Sobriety can be a challenging road for even the most seasoned veteran in recovery. Life does not stop just because a person is in recovery, it continues to ebb and flow. Some people may wonder what to expect in sobriety or whether it really matters how a person spends time in sobriety. A person’s attitude while sober can make the difference between a long term recovery and potential risk of relapse. The following tips may be helpful for people struggling with sober living.
Time does not wait for people to catch up to it, time continues to move forward whether people like it or not. No shortcuts exist to sobriety, it must be done one day at a time. The reality is everyday is filled with opportunities for triggers and relapse which seems easier than staying sober. Each second a person remains sober is a choice and the longer an individual is sober, the stronger the armor will be as a shield against the world.
Stamina is an Asset
Endurance athletes show up at the track and blow everyone away, but the few seconds or minutes spent on the field do not tell the whole story. Days, weeks, months and years of preparation went into that single moment in time. Sobriety is similar to a race in that endurance truly matters in the long run, as does preparation and training for the course ahead. Most boxing matches are won because one athlete becomes tired and is overtaken. Once treatment ends, people may have best intentions for sobriety but relapse because the stamina built from weeks and years of sober living (tested by the fires of the world) have not refined the person’s will to remain sober. Building stamina requires pain tolerance, dealing with issues that brought a person to addiction in the first place and then sticking with it even when it hurts.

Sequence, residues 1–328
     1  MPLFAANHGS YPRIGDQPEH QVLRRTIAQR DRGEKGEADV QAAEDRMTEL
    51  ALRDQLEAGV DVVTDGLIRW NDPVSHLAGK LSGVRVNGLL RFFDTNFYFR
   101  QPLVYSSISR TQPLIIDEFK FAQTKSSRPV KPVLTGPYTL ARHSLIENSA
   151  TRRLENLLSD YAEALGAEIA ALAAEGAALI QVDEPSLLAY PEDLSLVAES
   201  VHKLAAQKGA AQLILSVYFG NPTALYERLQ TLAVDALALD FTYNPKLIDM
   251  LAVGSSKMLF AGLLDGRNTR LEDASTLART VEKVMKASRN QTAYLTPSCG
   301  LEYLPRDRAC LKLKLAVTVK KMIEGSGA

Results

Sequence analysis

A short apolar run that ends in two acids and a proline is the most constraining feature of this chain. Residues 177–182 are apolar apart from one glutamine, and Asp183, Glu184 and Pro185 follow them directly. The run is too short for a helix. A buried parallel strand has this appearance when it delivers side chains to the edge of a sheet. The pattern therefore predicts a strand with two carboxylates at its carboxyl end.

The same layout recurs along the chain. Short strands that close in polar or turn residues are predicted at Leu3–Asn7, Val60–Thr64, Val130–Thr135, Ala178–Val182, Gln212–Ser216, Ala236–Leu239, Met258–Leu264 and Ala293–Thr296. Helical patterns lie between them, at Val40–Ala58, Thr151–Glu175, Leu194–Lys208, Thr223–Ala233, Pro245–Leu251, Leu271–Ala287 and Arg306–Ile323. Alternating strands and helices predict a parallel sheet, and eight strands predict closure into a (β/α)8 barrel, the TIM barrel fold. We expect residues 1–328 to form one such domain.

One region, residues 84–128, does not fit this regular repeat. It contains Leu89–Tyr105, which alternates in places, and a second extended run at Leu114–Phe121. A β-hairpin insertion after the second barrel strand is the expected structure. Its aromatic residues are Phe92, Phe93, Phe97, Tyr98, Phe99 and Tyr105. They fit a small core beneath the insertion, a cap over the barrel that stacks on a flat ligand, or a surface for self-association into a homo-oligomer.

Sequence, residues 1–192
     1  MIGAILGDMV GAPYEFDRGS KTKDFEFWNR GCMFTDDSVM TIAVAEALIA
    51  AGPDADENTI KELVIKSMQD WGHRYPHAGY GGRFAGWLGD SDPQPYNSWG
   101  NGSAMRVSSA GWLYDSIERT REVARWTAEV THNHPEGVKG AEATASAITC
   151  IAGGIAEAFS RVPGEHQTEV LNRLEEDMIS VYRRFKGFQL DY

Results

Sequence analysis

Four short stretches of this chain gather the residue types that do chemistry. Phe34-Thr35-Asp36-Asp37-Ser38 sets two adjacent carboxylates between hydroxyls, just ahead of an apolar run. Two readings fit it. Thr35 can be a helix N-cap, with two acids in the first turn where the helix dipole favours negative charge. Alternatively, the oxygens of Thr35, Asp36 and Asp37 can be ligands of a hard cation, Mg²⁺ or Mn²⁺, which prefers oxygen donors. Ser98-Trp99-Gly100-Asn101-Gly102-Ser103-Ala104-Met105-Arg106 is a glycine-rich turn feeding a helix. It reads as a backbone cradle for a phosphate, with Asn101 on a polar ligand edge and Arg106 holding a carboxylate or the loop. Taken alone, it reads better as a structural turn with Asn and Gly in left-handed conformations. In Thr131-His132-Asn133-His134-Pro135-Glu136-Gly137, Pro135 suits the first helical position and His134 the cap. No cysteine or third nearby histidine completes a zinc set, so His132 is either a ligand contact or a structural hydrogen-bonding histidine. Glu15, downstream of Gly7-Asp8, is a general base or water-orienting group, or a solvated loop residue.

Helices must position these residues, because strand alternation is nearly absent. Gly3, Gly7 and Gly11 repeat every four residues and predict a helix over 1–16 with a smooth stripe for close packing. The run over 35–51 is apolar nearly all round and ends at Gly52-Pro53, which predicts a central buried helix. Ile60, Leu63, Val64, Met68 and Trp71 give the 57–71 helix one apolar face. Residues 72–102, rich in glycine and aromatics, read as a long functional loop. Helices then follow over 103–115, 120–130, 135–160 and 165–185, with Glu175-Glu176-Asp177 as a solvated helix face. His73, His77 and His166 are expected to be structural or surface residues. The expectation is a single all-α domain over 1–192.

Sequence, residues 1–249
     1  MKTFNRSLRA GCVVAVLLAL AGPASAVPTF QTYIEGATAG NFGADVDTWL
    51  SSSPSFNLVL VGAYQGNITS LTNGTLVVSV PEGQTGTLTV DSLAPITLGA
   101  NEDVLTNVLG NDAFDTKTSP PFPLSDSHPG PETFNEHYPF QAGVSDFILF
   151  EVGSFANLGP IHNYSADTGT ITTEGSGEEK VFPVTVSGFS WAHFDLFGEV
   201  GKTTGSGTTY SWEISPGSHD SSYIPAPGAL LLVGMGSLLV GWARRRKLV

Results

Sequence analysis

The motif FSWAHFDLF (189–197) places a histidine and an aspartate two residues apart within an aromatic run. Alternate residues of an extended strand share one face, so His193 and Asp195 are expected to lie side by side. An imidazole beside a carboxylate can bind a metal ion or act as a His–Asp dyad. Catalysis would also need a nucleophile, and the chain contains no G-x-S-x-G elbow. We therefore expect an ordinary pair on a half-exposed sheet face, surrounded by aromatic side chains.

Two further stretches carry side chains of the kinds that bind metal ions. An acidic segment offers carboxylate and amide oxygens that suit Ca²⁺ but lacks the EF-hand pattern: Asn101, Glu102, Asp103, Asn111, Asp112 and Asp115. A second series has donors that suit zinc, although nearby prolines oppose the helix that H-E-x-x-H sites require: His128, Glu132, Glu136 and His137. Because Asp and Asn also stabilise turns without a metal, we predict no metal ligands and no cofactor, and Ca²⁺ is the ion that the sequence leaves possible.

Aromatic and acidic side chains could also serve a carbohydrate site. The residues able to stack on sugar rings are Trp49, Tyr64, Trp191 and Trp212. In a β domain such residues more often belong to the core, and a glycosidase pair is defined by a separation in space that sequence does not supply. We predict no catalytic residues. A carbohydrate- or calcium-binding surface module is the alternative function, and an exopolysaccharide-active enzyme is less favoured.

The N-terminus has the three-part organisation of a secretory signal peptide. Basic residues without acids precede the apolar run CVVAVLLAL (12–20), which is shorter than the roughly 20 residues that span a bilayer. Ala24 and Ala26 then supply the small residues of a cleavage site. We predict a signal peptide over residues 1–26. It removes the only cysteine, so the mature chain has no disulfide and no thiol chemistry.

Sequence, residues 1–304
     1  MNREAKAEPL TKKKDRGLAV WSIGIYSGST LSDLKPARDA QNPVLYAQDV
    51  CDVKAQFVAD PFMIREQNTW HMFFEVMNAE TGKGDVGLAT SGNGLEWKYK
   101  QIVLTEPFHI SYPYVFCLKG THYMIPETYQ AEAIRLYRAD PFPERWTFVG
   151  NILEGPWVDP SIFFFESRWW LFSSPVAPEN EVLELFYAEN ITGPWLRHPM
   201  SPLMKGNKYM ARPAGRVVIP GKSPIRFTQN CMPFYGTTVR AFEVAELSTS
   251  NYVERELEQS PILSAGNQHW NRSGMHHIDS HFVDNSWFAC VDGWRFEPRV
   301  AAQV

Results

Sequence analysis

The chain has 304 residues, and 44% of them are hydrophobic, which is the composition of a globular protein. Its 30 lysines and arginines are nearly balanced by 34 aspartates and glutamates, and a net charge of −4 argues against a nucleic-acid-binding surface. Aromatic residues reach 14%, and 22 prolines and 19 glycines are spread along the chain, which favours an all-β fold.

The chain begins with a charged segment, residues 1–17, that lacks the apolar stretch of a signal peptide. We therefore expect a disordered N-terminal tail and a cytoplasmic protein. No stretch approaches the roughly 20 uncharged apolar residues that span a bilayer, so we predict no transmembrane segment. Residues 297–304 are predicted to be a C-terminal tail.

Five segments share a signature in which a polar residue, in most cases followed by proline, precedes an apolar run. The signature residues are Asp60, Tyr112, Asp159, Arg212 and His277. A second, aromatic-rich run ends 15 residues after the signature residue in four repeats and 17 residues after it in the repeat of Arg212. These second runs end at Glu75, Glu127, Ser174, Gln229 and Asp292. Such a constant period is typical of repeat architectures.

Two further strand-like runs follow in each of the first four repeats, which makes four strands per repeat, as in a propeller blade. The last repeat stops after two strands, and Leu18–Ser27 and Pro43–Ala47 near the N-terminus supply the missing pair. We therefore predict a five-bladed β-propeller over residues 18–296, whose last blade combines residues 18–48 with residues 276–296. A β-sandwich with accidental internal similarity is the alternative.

Sobriety is a Great Teacher
Long-term sobriety can be a great teacher if people let the lessons be learned. Sobriety matters but it is the strength of it that makes the biggest difference. Sometimes people with six months act like better people than those with six years sober living experience and yet others are sober for decades and remain bitter or angry. Individuals who learn the most from sobriety typically exhibit the following characteristics:
- Show up on time to work and commitments
- Exhibit loyalty and faithfulness to family, friends
- Make a decent living
- Give back to humanity through selfless acts
- Comfortable in own skin
- Make others feel better just by being around them
People who are living sober will experience hardship and challenges. Maintaining a focus on priorities and goals will keep a person from becoming stuck in old ways and support a healthy recovery going forward.
Recovery is not easy but there are resources, tools and community available to support people who struggle. If you need help staying sober, call Hired Power to find out how we can support your journey to healing.